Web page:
Lila Haines says the UK can lead in tackling the land, aid, tax and transparency issues that underpin global hunger
A big noise at Hyde Park today will break a silence that accompanies world hunger. Coaches from Swansea, Wrexham and Cardiff will carry supporters from Wales to join thousands from across the UK to demand action from the world’s richest countries to end the injustice of global hunger.
For today will be another day when one in eight people around the world won’t have enough food to stay healthy. It’s another day when a child will die of hunger every 15 seconds. There is enough food in the world for everyone, but not everyone has enough food. This is the silent scandal and injustice of hunger.
|The Welsh IF Campaign
At the millennium the world’s leaders pledged that by 2015 we would halve hunger. However, there is little prospect of keeping that promise. There has been some success in Ethiopia and Malawi. There, in just a decade, the proportion of hungry people fell from nearly two thirds to under half and from 45 to 23 per cent, respectively. But the world as a whole is failing badly.
With food prices increasingly volatile, poor people in developing countries spend as much as three quarters of their income on food. Even in the UK, and especially in some areas of Wales, many hardworking people struggle to feed their families.
Women are more likely to go hungry than men. Ironically, the majority of those suffering hunger are small-scale farmers, most of them women. And our changing climate is making our global food future more uncertain.
In terms of the difference we can make to the lives of hundreds of millions of people, and to the global economy, the prize is huge. Getting enough of the right food gives people a future and builds the potential for all societies to prosper. Tackling child malnutrition alone could add US$125 billion to the global economy annually.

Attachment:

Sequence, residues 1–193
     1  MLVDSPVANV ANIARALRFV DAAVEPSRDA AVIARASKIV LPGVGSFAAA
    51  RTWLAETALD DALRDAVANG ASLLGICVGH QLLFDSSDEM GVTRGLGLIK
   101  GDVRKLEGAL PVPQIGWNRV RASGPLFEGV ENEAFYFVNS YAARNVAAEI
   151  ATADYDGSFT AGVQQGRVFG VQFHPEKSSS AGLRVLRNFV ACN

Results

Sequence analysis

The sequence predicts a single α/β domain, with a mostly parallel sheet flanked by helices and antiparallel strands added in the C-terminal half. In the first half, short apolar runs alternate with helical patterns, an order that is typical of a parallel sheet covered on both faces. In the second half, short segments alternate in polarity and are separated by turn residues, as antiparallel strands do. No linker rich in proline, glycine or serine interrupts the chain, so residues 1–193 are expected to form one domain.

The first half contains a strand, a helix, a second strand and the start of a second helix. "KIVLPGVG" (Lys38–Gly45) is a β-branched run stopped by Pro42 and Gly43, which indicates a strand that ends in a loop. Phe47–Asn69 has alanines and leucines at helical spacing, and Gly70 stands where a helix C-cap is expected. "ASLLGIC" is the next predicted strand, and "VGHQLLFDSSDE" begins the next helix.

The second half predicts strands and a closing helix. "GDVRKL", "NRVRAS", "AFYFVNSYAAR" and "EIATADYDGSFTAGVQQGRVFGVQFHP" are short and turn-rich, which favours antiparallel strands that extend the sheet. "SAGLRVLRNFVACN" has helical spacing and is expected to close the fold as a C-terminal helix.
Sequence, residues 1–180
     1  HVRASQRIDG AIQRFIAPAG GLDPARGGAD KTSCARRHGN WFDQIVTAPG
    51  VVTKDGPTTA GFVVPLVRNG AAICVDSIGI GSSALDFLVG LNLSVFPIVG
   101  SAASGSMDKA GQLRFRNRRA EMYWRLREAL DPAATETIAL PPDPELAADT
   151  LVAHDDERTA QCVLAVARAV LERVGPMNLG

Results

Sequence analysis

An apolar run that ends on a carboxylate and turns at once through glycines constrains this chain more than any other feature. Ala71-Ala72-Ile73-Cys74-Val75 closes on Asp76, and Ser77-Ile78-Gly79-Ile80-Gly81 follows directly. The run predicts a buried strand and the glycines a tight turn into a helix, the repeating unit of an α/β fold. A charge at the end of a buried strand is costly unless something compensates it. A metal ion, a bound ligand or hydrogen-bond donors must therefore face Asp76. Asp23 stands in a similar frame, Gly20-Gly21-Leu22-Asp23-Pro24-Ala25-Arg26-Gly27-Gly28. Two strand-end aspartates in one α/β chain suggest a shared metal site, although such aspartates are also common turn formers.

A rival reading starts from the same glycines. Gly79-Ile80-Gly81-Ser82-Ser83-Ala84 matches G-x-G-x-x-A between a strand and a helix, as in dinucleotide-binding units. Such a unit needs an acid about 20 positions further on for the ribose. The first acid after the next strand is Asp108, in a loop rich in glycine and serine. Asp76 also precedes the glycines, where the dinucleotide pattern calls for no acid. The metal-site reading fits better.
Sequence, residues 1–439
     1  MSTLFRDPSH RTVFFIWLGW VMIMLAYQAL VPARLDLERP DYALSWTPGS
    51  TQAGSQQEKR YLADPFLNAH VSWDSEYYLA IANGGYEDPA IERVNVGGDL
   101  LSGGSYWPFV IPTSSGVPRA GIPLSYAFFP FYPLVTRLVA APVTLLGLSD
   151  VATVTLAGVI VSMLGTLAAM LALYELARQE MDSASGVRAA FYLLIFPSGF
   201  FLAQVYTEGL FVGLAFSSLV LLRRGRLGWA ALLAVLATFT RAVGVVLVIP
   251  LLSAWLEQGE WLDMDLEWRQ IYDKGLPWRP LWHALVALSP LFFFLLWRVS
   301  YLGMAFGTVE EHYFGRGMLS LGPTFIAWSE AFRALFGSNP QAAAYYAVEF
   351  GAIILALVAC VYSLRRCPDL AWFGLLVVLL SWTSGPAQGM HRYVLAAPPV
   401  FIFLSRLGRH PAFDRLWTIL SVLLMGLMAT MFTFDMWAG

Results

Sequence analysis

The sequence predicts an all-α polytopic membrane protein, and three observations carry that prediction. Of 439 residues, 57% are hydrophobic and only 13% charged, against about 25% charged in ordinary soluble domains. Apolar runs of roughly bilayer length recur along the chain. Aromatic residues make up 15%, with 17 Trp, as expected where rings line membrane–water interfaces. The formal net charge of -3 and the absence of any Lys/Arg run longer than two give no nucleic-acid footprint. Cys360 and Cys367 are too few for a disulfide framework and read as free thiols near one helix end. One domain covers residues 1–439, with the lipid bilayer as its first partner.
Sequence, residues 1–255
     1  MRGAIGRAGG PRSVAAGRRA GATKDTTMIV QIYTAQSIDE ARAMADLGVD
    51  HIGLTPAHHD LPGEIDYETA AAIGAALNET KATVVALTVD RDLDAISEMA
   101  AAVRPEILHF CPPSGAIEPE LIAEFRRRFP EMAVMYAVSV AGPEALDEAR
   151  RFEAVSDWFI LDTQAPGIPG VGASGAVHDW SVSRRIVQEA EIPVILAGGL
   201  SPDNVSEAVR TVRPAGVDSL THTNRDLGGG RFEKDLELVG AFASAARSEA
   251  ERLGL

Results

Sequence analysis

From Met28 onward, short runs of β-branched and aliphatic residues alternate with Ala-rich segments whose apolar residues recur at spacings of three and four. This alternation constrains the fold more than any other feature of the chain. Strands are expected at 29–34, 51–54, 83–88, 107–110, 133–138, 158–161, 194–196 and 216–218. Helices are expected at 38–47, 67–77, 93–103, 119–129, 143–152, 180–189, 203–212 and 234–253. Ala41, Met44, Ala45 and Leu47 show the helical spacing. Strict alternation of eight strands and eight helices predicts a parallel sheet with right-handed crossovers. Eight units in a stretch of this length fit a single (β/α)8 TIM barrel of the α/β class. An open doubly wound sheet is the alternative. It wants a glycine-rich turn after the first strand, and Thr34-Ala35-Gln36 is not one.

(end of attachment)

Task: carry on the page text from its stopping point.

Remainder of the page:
Hunger is a global crisis. Crises present opportunities – and what opportunity could be more compelling than the chance to make real progress towards ensuring everyone has enough food?
The UK is in a good position to lead, having kept its 43-year-old promise on aid, the first G8 nation to do so. Later this month it will have the opportunity to lead again when it presides over the G8 summit to be held near Enniskillen in Northern Ireland. The leaders of these eight rich countries could decide to help save two million children’s lives and change the future for millions more hard-working people in the world’s poorest countries.
Such an enormous challenge requires a multifaceted solution. IF only the G8 would act on four big issues – Land, Aid, Tax and Transparency – this could be the year that launches the beginning of the end of global hunger.
For that to happen we need strong regulation, international and domestic, that forces governments and corporations to be open and honest in all their actions relating to the food system.
The poorest famers are losing their land to big companies, leaving families unable to feed their children. Companies are acquiring huge tracts of land in poorer regions, and increasingly are growing crops for fuel rather than food. Stopping land grabs by global companies would help millions of people produce enough to feed their families and build sustainable livelihoods. Ending the use of crops for fuel could stop millions going hungry.
The UK should put pressure on the rest of the G8 and other rich nations to put more life-saving aid into sustainable small-scale agriculture and nutrition, building upon the agreement made at the 2012 G8 summit.
Tax will be on the G8 agenda – unsurprisingly given the widespread outrage about tax-dodging, which is not just a problem for western countries. If big global companies stop avoiding the tax they owe in poor countries, such as India where one in three of the world’s malnourished children lives, then those countries could use the revenue to help ensure children receive the nutrition and education that could transform their life chances.
Many governments and big companies keep secrets. They’d rather we didn’t know that the deals they make help keep the world’s poorest citizens in a cycle of hunger. It’s time for them to be held to account.
The UK Government should improve corporate transparency at home, so that companies can be held to account by investors and the public for their actions in the food system. Under UK law, companies should be required to report on the full environmental, social and human rights impact of their business. This would be real global leadership.
There can be enough food for all if we persuade the G8 leaders to act to end the scandal of tax dodging in poor countries, invest in nutrition, stop small farmers being forced off their land and use land for food not biofuels, and ensure corporations and governments are open and honest about the deals they make.